Efficiencies made within the NHS

13.   As highlighted the increase in funding is recognised, but we are frustrated that the success in delivering efficiency savings within the NHS is not more widely recognised. As the Draft Budget highlights, between 2010-11 and 2014-15 the NHS has made more than £1.1bn in efficiency savings through service changes including increasing day surgery rates, providing more care closer to people’s homes, service reconfiguration, increased productivity, demand management, pay restraint and more effective prescribing. This is equivalent to an average annual saving of more than 4% of health board revenue allocations. While the efficiency savings made by the NHS are significant, the annual achievement has been gradually diminishing year on year, a reflection that traditional methods of savings are unlikely to deliver what is needed in the future.


14.   With the Welsh Government’s block grant in 2019-20 predicted to be £1.8bn (11%) less than in 2010-11, we know that financial pressures across public services will continue for years to come.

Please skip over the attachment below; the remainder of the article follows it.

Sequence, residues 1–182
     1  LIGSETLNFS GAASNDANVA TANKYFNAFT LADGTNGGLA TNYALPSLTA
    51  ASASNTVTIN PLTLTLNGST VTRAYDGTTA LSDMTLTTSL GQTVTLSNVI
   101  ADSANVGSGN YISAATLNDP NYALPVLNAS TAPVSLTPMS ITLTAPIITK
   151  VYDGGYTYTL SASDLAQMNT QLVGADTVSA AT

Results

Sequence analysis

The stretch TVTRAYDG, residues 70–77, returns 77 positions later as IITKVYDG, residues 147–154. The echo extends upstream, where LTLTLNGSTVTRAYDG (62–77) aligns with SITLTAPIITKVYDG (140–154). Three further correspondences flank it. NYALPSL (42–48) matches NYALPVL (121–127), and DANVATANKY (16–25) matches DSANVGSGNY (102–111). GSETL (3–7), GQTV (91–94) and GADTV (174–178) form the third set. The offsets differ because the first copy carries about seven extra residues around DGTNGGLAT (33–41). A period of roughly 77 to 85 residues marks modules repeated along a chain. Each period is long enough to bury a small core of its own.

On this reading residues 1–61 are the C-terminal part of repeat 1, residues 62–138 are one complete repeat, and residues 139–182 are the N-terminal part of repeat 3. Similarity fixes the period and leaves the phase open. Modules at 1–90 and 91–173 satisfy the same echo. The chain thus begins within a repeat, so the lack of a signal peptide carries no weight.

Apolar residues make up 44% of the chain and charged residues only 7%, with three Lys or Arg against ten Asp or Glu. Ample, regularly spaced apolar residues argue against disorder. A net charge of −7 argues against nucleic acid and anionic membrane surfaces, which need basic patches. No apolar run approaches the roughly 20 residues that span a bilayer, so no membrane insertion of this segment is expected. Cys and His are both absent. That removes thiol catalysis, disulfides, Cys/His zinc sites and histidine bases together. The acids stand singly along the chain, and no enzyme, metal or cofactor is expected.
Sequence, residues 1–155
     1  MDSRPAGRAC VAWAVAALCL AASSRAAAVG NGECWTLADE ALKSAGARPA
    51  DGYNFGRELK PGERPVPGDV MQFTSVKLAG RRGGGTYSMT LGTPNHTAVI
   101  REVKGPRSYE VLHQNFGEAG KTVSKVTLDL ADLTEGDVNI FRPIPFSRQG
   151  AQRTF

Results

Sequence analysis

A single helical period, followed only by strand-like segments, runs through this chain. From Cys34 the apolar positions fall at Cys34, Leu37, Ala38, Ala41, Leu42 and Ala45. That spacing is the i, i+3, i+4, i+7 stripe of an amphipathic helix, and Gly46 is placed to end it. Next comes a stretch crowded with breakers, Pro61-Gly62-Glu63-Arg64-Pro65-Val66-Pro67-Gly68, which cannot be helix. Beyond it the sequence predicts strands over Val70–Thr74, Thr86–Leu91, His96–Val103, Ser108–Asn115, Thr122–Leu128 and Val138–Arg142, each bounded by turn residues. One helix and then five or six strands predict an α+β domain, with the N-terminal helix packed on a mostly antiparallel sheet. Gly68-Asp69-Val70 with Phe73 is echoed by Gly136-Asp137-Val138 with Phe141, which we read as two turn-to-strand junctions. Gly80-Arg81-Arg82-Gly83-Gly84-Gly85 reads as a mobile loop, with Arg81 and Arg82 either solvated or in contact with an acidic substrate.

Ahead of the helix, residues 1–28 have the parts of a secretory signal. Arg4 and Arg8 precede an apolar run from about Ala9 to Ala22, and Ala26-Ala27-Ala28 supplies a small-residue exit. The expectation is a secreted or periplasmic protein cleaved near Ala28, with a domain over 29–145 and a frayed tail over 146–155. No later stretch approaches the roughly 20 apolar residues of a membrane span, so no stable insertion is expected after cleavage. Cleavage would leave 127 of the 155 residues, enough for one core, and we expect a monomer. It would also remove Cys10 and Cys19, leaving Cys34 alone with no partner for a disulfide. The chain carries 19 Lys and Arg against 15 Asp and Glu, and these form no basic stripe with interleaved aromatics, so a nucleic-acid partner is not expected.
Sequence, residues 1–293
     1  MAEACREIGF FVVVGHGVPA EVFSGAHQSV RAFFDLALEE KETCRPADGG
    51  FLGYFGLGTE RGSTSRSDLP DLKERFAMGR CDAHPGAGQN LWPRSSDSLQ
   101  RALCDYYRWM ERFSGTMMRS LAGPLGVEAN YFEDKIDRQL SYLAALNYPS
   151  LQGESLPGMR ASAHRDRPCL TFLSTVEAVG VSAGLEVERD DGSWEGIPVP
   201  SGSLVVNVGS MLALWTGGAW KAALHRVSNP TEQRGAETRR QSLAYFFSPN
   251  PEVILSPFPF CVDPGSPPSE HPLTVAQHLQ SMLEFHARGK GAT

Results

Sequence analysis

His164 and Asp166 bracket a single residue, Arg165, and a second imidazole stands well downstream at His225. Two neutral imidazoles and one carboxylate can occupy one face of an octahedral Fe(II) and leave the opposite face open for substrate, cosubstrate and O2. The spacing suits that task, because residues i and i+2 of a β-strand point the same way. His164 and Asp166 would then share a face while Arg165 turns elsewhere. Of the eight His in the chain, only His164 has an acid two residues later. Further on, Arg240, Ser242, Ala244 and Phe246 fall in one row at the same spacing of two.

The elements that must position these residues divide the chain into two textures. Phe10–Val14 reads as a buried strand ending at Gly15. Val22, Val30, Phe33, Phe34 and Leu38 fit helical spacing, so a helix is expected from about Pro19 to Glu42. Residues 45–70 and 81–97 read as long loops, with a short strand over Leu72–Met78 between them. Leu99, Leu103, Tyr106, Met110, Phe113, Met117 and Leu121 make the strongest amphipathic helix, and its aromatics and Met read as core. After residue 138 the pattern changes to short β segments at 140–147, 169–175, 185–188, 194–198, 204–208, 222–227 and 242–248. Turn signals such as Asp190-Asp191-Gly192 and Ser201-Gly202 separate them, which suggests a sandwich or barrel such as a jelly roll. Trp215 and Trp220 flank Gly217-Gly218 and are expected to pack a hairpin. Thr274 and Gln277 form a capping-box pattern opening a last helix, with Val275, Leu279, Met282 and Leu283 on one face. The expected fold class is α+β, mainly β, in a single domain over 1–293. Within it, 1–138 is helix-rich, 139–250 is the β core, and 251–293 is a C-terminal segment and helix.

15.   While the NHS continues to work in an extremely challenging financial climate, the National Health Service Finance (Wales) Act 2014 does enable Health Boards and Trusts to have a greater focus on medium-term planning. The increased flexibility afforded in the Act allows plans to be developed at Health Board and Trust level so investment can be made in one year to support service change and a reduction in costs in future years. As the Nuffield Trust report[v] highlighted, the NHS must transform the way it provides care to meet demand and financial pressures and ensure its resources are used effectively and efficiently. Improving Health Board and NHS Trust planning arrangements is part of this process.


16.   While increases in funding are welcome, it is important to note that money is not the overall solution to the issues faced by the Welsh NHS. In a recent survey conducted by the Welsh NHS Confederation,[vi] more than half of our members (56%) said that an increase in funding would not solve the challenges. This demonstrates that, while finances are extremely important, more money is not a single solution.